The world’s silver supply comes mainly from two sources: mining production; and recycled scrap.
In 2020, mining production contributed 8.1% of the total silver supply, with scrap contributing 18.8% and the rest with official net sales of the sector.
Likewise, silver mine production, which has shown a moderate but slow decline since 2015, fell 6.3% more in 2020 compared to 2019, to 780.1 million ounces.
This is largely due to the Covid-19 lockdowns implemented by countries during the first half of the year, which required several major silver producers to temporarily halt production at their mines.
The primary silver producing mines continue to produce only 28.7% of mine production, and the remaining 71.3% is extracted as a by-product of the lead, zinc, copper and gold mines.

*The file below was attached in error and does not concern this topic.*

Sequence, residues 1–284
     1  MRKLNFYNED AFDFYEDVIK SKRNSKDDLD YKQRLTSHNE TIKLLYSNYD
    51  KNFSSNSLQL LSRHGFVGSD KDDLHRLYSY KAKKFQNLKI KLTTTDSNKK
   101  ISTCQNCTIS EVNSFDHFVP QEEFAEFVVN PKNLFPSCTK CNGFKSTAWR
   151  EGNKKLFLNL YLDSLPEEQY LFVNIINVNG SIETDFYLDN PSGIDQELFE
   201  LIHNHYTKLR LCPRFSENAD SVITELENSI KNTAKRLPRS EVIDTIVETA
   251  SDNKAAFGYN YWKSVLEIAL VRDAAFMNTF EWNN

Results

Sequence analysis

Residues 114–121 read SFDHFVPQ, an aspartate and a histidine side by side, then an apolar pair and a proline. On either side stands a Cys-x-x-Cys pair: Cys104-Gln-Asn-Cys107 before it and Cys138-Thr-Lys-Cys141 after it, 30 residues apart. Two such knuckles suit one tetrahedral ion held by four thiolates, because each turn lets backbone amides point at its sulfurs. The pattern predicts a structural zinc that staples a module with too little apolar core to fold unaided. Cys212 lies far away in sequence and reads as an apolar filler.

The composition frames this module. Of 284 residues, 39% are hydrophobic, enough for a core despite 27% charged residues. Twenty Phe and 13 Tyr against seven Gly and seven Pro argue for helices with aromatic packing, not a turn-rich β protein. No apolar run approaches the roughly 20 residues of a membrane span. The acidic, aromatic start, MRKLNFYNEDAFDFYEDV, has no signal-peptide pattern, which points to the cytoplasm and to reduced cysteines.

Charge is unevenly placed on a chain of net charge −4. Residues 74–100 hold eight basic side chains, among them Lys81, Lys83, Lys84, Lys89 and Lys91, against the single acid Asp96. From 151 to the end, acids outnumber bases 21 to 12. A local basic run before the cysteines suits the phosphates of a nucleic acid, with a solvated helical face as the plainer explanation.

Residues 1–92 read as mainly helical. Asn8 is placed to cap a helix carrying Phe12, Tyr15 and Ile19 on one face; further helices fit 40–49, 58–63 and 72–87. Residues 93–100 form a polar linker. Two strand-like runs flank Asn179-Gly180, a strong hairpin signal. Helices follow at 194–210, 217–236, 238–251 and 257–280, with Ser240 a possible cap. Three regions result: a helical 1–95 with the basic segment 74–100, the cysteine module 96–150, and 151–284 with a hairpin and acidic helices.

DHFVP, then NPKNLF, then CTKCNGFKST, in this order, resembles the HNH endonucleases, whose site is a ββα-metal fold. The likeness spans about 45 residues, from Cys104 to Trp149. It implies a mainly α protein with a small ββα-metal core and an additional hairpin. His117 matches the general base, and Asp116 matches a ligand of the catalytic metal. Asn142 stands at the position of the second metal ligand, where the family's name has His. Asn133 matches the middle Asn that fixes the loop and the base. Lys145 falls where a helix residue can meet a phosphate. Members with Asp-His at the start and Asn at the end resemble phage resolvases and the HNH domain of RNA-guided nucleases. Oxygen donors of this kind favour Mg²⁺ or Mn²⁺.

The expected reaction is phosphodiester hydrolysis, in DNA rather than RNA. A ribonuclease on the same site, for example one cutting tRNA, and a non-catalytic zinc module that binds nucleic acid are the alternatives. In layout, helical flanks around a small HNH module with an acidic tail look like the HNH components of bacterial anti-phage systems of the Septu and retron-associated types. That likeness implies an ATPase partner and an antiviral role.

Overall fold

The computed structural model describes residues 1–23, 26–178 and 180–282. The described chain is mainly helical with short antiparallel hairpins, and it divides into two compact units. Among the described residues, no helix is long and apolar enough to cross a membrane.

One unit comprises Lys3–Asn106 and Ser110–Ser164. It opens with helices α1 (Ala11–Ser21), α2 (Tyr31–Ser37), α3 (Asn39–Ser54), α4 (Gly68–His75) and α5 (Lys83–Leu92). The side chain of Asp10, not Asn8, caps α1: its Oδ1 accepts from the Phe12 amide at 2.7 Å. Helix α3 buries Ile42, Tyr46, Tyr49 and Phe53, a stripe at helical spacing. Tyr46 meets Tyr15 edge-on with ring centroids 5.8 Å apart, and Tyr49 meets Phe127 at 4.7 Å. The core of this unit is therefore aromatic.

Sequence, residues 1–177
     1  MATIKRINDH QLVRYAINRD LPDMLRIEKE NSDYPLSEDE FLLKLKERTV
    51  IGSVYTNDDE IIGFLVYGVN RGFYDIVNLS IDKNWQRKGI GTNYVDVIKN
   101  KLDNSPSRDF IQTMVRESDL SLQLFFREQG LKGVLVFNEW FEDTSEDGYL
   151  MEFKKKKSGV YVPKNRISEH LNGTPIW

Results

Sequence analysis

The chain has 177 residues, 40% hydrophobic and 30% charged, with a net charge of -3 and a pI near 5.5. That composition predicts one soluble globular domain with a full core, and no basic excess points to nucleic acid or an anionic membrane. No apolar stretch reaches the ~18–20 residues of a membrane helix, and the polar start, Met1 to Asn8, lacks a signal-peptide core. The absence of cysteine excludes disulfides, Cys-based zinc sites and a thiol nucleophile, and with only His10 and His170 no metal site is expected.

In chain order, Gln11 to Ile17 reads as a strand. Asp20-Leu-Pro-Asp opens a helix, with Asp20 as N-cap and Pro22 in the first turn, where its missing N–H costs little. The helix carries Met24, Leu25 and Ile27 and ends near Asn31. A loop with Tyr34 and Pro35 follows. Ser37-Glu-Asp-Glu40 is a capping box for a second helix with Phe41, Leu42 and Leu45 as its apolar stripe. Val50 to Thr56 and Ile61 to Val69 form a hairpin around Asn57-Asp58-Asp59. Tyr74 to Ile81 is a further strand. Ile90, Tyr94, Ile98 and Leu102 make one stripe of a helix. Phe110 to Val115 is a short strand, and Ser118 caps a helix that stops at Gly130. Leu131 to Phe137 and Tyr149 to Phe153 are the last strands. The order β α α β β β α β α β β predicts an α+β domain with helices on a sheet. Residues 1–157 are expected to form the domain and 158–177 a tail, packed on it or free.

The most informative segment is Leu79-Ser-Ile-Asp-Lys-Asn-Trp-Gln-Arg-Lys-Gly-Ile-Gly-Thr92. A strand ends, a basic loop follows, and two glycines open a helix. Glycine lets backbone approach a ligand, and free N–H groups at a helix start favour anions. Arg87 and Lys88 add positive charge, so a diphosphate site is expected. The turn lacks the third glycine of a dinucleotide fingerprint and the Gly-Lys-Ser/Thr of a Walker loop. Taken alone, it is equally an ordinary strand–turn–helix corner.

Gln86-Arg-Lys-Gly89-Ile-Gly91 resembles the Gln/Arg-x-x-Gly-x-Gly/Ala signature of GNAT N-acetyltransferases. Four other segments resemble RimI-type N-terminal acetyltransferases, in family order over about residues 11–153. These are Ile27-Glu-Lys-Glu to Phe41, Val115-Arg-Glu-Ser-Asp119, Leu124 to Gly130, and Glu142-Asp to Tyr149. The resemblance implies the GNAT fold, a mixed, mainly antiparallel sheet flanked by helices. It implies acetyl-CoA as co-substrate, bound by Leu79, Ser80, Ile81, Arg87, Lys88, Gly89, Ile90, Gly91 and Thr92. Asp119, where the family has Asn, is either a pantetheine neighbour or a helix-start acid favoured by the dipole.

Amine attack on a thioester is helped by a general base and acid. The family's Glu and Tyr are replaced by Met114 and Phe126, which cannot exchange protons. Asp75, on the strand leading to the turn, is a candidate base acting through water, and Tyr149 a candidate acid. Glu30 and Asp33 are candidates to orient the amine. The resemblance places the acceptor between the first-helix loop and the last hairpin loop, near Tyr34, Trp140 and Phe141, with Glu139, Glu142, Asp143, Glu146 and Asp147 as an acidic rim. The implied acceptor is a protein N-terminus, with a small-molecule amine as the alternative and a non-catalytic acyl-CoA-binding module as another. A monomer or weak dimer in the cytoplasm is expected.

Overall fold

In 2020, according to World Bank statistics, Mexico remained in the first position in the production of silver in the world, with 5,541 tons in 2020.
However, the Mexican silver production registered a fall of 5.1% year-on-year.
At the same time, in the second position, China (3,443 tons) displaced Peru (2,991 tons).
Silver is a metal that in the markets experiences a mixed behavior, being favorably influenced by the good performance of industrial metals and also being perceived as a precious metal of refuge.
Globally, silver production totaled 25,516 tons, a decrease of 3.7% compared to 2019.